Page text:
- The carton talks to the box, the box talks to the palette, the palette talks to the truck, and the truck talks to the warehouse, and the truck and the warehouse talk to the internet. Know where your products are and what shape they’re in any time, anywhere. Sort of like FedEx tracking on steroids for all products in your production stream from raw materials to delivered goods.
- Product quality monitoring
- temperature, humidity monitoring of meat, produce, dairy products
- Mom, don’t buy those Frosted Sugar Bombs, they sat in 80% humidity for two days, they won’t be crunchy!
- impact, vibration, temp monitoring of consumer electronics
- failure analysis and diagnostic information, e.g. monitoring vibration of bearings for frequency signatures indicating imminent failure (back up that hard drive now!)
- Smart office spaces
- The Center for the Built Environment has fabulous plans for the office of the future in which environmental conditions are tailored to the desires of every individual. Maybe soon we’ll all be wearing temperature, humidity, and environmental comfort sensors sewn into our clothes, continuously talking to our workspaces which will deliver conditions tailored to our needs. No more fighting with your office mates over the thermostat.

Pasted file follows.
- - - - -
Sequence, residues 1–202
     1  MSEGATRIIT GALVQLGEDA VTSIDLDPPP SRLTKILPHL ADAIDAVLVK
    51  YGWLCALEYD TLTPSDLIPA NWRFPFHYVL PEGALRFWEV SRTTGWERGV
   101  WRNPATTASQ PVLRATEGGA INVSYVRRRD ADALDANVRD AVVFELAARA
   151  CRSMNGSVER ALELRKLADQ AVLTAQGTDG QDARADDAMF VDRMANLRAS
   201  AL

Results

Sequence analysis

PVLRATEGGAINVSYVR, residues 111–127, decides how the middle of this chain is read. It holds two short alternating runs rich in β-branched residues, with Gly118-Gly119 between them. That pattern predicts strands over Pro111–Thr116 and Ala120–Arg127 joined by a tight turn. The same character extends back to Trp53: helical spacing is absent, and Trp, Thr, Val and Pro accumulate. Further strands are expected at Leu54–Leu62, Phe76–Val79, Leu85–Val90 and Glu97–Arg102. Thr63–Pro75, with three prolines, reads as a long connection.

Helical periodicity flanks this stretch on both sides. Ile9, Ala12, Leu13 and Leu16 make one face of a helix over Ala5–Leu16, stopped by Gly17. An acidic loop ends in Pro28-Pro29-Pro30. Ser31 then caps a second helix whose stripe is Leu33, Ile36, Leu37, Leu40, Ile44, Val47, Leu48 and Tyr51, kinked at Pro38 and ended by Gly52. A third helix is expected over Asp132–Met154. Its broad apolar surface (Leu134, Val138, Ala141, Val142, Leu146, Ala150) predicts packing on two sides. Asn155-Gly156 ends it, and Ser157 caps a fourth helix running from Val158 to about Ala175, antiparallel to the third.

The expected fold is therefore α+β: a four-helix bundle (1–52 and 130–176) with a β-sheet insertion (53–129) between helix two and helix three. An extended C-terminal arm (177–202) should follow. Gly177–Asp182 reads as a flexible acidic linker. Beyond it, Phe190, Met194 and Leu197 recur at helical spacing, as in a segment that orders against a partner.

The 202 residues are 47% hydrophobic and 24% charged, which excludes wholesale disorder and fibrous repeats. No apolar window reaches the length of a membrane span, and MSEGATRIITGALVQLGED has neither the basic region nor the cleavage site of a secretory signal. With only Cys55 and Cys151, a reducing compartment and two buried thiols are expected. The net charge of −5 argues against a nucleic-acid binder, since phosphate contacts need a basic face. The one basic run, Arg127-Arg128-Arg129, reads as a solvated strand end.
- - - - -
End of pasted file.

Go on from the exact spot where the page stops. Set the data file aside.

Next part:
- Interfaces for the Disabled (courtesy of Bryndis Tobin)
- Bryndis sent me email with the following idea: put motes “on a quadriplegic’s face, to monitor blinking & facial twitches – and send them as commands to a wheelchair/computer/other device.” This could be generalized to a whole family of interfaces for the disabled. Thanks Bryndis!”
Now imagine that a critical component of such a tiny, ubiquitous device was removed. Because it didn’t need a battery it could be even smaller and cheaper (because of cheaper and simpler radio hardware circuitry).